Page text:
It’s an emotional experience. And, I might as well say this, I cried every time I worked this play. I’ve held that very close for 7 years, and, in a way, I’m really proud that every artist on this kept very open to that. We didn’t shut it off. We’re asking the audience, as well as the cast, to go through it every night. The thing we saw from the beginning was that if we embrace the music, the dance, the comedy, and the life force then we’re going to get through whatever horrible moment we’re in now. We can get through this together. We’re going to transcend and get through this. And, resist. I think the resistance is more important to me than the mourning.
I think the play really embraces resistance as the characters continue to perform the God of Vengeance in secret after everything that happens with its Broadway run. There’s such a powerful moment where they use that play to build the community.
Right. I’m sure our fear level has grown as of the presidential election, and not just the election, but the presidential campaign. To hear people castigated for their religion as Muslims, to hear people derided because they had physical disabilities, to hear crowds encouraged to beat dissenters. It’s gotten much more extreme much more quickly than any of us who have been working on this for seven years would have anticipated.
You know, when you write something you write it from your heart. This is definitely from my heart and to all of the artists and all of the young people in my life that I love. But, there’s also a hope that whatever feels urgent to say is going to feel historic in a couple years. It’s going to be passed. Surely, we’re not always going to be in this extreme moment of crisis. We didn’t anticipate this turn of the wheel that has occurred, and I think that one of the things that is debilitating for me is fear. It is extremely debilitating — being frightened — and when the members of this troupe perform together at the end of the play, it is their way of using art to resist their fear. It’s exactly what Franklin D. Roosevelt said: “The only thing we have to fear is fear itself.”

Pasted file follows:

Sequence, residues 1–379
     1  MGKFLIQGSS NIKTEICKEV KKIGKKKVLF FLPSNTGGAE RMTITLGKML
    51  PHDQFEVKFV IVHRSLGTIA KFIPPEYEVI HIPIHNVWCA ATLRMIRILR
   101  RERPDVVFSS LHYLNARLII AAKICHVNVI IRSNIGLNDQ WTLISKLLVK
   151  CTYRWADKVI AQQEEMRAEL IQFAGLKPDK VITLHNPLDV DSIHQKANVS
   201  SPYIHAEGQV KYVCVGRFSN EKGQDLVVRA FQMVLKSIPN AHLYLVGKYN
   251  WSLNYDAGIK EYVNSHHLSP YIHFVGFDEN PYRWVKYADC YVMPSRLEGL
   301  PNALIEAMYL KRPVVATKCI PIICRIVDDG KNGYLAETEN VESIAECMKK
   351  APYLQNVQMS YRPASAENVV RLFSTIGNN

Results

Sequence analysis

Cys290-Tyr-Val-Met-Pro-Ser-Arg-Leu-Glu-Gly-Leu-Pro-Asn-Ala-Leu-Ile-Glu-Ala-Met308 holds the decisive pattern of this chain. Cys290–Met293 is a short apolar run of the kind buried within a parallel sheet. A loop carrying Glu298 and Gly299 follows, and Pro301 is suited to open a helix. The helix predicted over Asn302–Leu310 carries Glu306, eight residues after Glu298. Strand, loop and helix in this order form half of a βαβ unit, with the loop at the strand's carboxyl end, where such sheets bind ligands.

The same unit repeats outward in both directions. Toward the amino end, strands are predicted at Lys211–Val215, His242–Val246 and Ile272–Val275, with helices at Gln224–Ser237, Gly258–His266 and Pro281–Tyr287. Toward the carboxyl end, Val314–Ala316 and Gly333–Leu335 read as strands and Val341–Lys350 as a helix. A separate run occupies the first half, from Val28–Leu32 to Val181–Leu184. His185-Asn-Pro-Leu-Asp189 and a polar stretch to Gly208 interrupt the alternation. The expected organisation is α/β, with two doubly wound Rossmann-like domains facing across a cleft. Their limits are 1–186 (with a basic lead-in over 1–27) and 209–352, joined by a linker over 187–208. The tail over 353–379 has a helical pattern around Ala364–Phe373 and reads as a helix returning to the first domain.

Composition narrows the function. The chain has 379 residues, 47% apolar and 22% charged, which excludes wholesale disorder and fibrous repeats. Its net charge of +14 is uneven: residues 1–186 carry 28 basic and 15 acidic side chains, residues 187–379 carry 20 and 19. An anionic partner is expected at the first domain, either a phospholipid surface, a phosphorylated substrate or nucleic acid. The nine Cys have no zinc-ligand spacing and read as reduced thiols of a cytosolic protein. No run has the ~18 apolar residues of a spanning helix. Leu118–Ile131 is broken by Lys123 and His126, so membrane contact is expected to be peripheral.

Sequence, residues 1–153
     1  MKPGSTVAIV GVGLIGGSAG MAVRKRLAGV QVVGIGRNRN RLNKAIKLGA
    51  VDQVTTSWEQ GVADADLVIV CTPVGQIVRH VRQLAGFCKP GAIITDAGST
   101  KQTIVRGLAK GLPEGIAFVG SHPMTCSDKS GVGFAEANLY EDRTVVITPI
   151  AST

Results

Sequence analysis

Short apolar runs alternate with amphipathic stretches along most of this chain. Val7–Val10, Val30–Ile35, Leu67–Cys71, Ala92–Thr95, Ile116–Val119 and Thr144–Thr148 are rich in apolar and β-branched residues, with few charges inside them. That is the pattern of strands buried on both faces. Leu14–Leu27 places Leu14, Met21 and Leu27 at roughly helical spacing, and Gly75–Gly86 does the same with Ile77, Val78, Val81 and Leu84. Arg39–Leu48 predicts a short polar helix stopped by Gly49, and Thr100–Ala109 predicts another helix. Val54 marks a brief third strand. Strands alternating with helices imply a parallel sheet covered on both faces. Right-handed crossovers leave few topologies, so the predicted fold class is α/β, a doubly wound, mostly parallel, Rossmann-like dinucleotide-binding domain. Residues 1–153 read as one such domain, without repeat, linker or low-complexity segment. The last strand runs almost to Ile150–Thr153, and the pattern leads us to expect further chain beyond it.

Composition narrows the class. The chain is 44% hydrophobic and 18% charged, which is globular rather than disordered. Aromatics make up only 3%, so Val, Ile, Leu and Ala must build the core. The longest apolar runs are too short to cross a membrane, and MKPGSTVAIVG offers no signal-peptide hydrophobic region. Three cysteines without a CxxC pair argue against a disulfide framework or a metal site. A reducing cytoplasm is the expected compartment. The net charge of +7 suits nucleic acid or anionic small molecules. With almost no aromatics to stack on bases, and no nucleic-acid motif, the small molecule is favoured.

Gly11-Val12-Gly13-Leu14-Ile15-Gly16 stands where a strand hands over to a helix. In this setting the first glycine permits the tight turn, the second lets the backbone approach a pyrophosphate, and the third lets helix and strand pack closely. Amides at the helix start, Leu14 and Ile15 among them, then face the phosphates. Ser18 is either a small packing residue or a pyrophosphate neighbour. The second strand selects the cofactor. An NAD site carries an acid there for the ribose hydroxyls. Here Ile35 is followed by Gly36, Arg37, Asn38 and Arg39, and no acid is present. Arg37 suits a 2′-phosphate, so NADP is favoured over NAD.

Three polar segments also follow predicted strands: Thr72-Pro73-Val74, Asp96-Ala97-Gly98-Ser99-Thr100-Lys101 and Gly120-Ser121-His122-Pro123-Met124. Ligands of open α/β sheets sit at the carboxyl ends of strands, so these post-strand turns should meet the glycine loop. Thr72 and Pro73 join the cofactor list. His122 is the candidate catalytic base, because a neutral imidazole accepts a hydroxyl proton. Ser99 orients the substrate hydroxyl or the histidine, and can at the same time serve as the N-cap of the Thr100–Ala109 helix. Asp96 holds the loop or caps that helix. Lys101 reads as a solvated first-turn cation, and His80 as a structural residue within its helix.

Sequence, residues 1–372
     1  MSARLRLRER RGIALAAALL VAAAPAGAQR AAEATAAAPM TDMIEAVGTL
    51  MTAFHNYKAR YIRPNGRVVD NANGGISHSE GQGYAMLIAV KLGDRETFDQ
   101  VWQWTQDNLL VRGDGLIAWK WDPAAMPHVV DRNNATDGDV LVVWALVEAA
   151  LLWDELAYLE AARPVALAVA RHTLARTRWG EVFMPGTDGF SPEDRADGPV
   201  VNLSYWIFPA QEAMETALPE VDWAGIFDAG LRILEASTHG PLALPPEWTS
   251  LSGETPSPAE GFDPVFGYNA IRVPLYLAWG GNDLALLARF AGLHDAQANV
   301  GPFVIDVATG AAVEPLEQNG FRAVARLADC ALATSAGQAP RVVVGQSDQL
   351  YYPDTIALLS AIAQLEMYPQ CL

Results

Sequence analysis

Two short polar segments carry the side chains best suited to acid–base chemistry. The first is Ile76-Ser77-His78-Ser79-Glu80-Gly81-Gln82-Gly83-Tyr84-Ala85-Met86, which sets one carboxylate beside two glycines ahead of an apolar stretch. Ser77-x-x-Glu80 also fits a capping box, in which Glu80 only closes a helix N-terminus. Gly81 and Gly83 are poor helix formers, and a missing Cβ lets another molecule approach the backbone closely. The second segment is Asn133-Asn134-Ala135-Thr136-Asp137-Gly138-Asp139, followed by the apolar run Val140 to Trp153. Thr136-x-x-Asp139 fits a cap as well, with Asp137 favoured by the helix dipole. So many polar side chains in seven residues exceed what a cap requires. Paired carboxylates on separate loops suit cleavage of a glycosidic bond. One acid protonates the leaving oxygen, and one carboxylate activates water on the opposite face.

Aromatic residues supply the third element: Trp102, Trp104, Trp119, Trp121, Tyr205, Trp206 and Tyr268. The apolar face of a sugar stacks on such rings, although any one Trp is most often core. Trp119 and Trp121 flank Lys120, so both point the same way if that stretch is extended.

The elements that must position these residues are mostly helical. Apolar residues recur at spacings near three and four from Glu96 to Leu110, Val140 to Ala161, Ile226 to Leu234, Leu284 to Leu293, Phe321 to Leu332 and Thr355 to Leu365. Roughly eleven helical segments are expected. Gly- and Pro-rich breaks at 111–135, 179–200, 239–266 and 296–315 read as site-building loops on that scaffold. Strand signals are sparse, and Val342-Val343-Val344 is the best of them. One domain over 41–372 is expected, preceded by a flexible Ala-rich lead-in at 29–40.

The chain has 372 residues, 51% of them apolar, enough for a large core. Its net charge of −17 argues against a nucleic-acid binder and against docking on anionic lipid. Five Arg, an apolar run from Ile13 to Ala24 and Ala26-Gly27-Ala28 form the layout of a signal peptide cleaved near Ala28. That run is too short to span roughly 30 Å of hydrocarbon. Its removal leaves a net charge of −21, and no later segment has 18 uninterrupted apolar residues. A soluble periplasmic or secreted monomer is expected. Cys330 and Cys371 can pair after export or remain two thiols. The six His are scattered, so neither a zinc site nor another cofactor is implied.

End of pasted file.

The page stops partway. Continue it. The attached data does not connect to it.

Well, I think it’s true for us right now. We have to not fear the fear itself. We have to figure out how to go forward with a sense of urgency, vitality, and connectedness because I think fear really feeds when we are divided. Being divided increases the fear. When we feel connected the fear diminishes and that is what we wanted to do in the theater.
Indecent is this wonderful love letter to the importance and the power of art. It really puts the threat of defunding the NEA and reducing art into perspective.
I’m starting to feel a little hopeful that we will win the day for a short while on the NEA. It’s not about just art itself, it’s about who gets to see the art, who can purchase the ticket, who can walk into a public school, have instruments, and have a stage. It’s about cutting out art as a very important expression for people who can’t afford it. And, that’s what the NEA is.
It’s kind of ironic, but one of the things that we are still hoping to do is find foundations and people who will subsidize the tickets for Indecent. That’s near and dear. I remember when Hamilton did that. Hamilton is an important, important piece of theater. Every school child should be able to see that. With this visibility and having somewhat affordable tickets, t would be wonderful to really have high school students be able to see Indecent. And, to have people who wouldn’t dream of coming to a Broadway theater be able to see this.
That would be incredible if someone could fund that, especially since this play covers a wide breadth of issues.
I think we get a lot of criticism that a play should only be about one thing. You must choose. Is it about homophobia? Is it about antisemitism? Is it about xenophobia? Is it about censorship? You must choose. And, I feel that this is what divides us. We don’t see that all of our concerns, all of the dangers that face us, are interrelated. No one yet has noticed and it’s a small thing, but I’ve been so upset by the rise in violence against the African-American community and how that has flourished. So, I’ve kept repeating “I can’t breathe” through the play. It’s an expression of desire for the people in the play, but it’s also speaks to how our bodies become policed. I see all of these concerns as interrelated. Not as separate issues.